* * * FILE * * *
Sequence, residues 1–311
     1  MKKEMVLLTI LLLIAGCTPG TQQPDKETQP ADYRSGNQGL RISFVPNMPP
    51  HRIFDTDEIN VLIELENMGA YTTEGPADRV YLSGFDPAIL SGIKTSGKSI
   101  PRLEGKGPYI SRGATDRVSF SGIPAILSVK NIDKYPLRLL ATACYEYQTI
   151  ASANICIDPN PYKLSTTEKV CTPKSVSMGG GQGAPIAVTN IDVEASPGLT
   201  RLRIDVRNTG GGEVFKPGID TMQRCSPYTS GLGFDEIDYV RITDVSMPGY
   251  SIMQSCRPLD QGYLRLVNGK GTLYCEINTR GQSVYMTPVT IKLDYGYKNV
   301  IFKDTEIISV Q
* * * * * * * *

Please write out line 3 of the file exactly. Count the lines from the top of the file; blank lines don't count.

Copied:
    51  HRIFDTDEIN VLIELENMGA YTTEGPADRV YLSGFDPAIL SGIKTSGKSI